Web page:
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Chinese regulators summon Tesla over car security malfunction

·2-min read
Tesla has sought to take advantage of China's ambitious objectives in terms of reducing CO2 emissions

Chinese regulators have summoned representatives of US electric car giant Tesla after reported technical problems with their vehicles, notably concerning their safety, officials in Beijing said Monday.

The news comes several months after two recalls of the company's vehicles in China, the world's largest car market.

"Consumers have cited multiple problems, related to unusual accelerations, batteries catching fire, as well as with the remote update system," the State Administration for Market Regulation said in a statement.

"They were asked to strictly conform to Chinese laws and regulations" in order to "guarantee public security" and the "rights and legitimate interests of consumers", the regulator said.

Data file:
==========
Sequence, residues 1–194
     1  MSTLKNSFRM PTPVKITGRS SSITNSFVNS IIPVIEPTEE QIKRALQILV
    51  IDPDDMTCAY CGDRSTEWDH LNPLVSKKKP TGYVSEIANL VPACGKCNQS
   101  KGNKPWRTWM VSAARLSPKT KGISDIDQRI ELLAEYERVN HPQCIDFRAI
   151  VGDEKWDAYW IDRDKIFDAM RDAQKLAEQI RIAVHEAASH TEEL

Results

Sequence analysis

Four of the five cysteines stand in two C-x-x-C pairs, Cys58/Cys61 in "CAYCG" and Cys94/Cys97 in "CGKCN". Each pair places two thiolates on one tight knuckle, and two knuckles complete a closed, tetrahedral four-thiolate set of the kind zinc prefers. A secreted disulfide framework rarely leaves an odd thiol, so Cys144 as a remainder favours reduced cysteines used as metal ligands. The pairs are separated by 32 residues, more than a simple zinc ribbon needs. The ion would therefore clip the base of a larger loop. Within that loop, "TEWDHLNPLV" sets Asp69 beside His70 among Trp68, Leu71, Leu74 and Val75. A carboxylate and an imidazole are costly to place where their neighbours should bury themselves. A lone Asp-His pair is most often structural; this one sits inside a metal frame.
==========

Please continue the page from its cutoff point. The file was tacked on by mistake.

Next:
No further details were given about the reported malfunctions.

In a statement, Tesla said it accepted the authorities' "guidance", adding that it was "carrying out a deep introspection on the deficiencies in the company's business".

"It will strengthen its checks and controls in a comprehensive manner," the statement added.

"We will put in place systematic controls, ensure that consumers' rights and interests are safeguarded... and better contribute in the future to the positive and sound development of China's new energy vehicles market."

Tesla built its third factory in the coastal city of Shanghai in 2019, with the electric car giant seeking to take advantage of China's ambitious objectives in terms of reducing CO2 emissions.

But the company -- led by temperamental billionaire Elon Musk -- has faced an uphill struggle in China.

In October, it was forced to recall almost 30,000 cars in China because of problems with their suspension.

The following month, Tesla announced a recall of another 870 cars, this time relating to faulty roofs.

Just last month, too, the company was forced to recall 135,000 vehicles in the US to repair a computer memory failure that it said could pose a safety risk.

Problems with regulators have done little to dent the firm's profitability -- CEO Musk became the world's wealthiest person last month, with a fortune estimated at $185 billion following a nine-fold surge in Tesla's share price over the past year.

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